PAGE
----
Evolution doesn’t happen in a vacuum.
It requires other energy, different influences, outside factors and it takes time.
For Calgary alt rock act Raleigh their musical evolution has been one of almost a half decade, plenty of touring, some collaboration, two previous attempts to get it right, and two years of making it just right.
All of it leading to Powerhouse Bloom.
“I think it’s something we’ve been hinting at for a long time, but have only found the means to fully realize it lately,” says singer-guitarist Brock Geiger while sitting in the Wild Rose Taproom.
“I think it’s the direction we’ve wanted it to take but only now have started to just let it happen … not let limitations stop us from going there. It feels finally realized, it feels like the record we’ve been trying to make for awhile.”
It sounds like they’re fully evolved.
The new nine-track offering, which they dropped earlier this month and which they’ll celebrate with a hometown show Thursday, Oct. 26 at the Ironwood, is an astonishingly amazing aural wonderland — a sonic, psychotropic kaleidoscope of pop bombast, ornate ornamentation and soothing waves of wigged-out tripscapes.
And while we could always go back to the very beginning of the band, when Geiger teamed up with vocalist-cellist Clea Anais, the homestretch to Raleigh’s evolution goes back a couple of years.
Having previously used the studio as a place to merely quickly “capture” songs that they’d been working out on the road, they discovered how the environment could be “a major tool” in the crafting of those songs, shaping of those sounds.
That discovery came at one of this country’s most nurturing places for artistic experimentation and discovery, The Banff Centre for Arts and Creativity, where the band — rounded out by drummer Matt Doherty and bassist Will Maclellan — participated in the hub’s two-week Independent Music Residency.
“It was huge,” Doherty says of the program, calling two weeks in that creative space working only on the music was like a “light switch” turning on.
“And the people that were there at the same time as us was super inspiring.”
One would imagine, considering the people they were working with, sharing ideas between, includes Broken Social Scene members Kevin Drew, Brendan Canning and Charles Spearin, as well as Grammy-winning engineer and producer Shawn Everett, and Nyles Spencer, the in-house engineer for The Tragically Hip’s Bathouse Studio.
“It was insane, the doors that opened to us, just to be able to work with those people and have their flavours sprinkled into this, it feels like a huge step for us,” he says.
It was also important, Geiger says, that they understand that there were “no limits” to what they could do with the songs and where, how far out they could take them when they were allowed to focus only on the material.
That continued in another environment thanks to that open door which led to Spencer’s natural habitat, for a couple of intense sessions at The Bathouse, where they lived, ate, slept and focussed on their music in much the same way as they did up in Banff.
“It feels like we were immersed, too,” he says. “I think it’s reflected when we listen back to this, it feels cohesive to me.”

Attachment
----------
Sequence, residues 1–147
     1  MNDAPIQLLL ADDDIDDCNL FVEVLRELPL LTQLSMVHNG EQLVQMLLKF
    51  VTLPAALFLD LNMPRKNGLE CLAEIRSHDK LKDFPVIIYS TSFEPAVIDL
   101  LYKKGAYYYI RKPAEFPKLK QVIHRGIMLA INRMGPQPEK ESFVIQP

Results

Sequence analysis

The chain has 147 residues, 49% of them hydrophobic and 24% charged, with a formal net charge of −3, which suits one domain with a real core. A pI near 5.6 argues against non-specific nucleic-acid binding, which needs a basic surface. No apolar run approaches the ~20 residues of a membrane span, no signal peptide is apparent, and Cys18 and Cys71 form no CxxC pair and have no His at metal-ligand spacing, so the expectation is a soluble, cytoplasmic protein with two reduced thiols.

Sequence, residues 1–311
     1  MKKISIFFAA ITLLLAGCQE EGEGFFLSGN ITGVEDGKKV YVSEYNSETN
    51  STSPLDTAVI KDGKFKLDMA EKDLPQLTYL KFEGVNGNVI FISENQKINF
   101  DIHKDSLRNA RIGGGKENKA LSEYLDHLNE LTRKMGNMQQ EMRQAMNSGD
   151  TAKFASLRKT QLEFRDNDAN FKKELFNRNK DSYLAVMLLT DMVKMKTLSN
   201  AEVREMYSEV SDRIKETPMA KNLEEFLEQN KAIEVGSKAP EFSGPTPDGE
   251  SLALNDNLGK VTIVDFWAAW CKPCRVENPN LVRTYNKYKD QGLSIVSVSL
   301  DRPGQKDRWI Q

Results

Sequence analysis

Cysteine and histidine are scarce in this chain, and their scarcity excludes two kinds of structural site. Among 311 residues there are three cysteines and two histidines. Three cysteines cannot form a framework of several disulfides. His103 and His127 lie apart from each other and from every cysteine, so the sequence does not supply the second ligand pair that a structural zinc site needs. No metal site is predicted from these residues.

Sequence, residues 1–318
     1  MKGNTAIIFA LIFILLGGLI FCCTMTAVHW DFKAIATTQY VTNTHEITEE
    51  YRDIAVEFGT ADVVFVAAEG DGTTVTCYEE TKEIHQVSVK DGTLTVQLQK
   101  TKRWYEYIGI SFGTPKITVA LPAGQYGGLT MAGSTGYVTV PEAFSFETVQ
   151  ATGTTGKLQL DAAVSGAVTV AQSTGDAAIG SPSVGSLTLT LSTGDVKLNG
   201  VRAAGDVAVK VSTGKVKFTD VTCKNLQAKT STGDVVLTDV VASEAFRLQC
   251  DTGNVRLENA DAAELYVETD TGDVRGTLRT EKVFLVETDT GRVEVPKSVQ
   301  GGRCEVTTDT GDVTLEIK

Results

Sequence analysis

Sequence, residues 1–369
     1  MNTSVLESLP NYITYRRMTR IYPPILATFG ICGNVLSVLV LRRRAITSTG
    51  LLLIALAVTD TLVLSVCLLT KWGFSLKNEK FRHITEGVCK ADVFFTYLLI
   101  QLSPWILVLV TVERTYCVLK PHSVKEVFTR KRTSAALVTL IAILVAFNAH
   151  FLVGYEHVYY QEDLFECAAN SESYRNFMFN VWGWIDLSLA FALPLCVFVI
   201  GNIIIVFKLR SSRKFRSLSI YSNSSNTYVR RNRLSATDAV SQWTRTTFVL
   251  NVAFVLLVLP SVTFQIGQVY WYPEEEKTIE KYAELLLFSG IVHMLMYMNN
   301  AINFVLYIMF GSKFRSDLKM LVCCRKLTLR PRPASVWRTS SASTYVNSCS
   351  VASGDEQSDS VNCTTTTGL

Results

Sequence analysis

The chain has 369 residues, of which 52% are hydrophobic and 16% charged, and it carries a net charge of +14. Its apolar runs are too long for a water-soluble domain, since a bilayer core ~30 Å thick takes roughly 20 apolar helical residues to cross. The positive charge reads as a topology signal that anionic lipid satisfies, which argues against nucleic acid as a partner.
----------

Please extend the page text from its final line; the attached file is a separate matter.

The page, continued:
And, yes, despite its many flights of fucked-up and fancy, Powerhouse Bloom is very much a capital “A” album. It all flows, it all feels connected and right, and even thematically travels a very particular path.
Perhaps the only sort-of outlier is the first single Costume Party, which is a somewhat “tongue-in-cheek” take on those musicians who are more fashion and flash than substance and sound.
That tune, Geiger says, was originally recorded in his apartment with Preoccupations member Monty Munro, where they “opened it up, ran it through some of his gear and destroyed it a little more then pushed it into psychedelic land and then it ended up in Bath and then it got reworked again.”
“It’s weird but it still fits,” he says. “It’s a bit of a relief period … It ends side one, it’s the show-closer for side one.”
The rest of the record?
Geiger points to the title and even the album cover as providing the first clues to its thematic direction.
“It’s a post-apocalyptic journey in a way, but in the sense that something beautiful is born out of destruction,” he says, something that’s carried throughout the record, with personal stories from himself, his bandmates, friends and even from Patti Smith — “Just Kids is a full-on homage to (her) memoir,” Geiger says — used to further the theme.
“It’s all beauty out of sadness.”
As to what was going on in his and the rest of Raleigh’s world that it was a theme that made sense, he points to his own incredibly busy musical world. Specifically, attempting to juggle time with his own band, as well as the two other full-time acts that he’s a member of, Reuben and the Dark and The Dudes.
Geiger says he’s had to come to terms with the fact that the touring schedules of all three make for a life where he’s had to to sacrifice sustained experiences and stability for one that provides experiences that are “insanely enriching even if brief.”
“A fleeting thing here, a fleeting thing there, but if you can grab it in, it becomes part of this larger experience … part of the collage,” he says thoughtfully.
“And I think (the album) is a sonic collage in a lot of ways, it comes from not only a lot of experiences, but a lot of people and their experiences, so it becomes this bigger and bigger thing, but it’s still connected through the shared experiences.
“And that feels cool.”
And it sounds like evolution.
(Photo courtesy Unfolding Creative.)
Raleigh perform Thursday, Oct. 26 at the Ironwood Stage and Grill. For reservations please call 403-269-5581. Their new album Powerhouse Bloom is available now.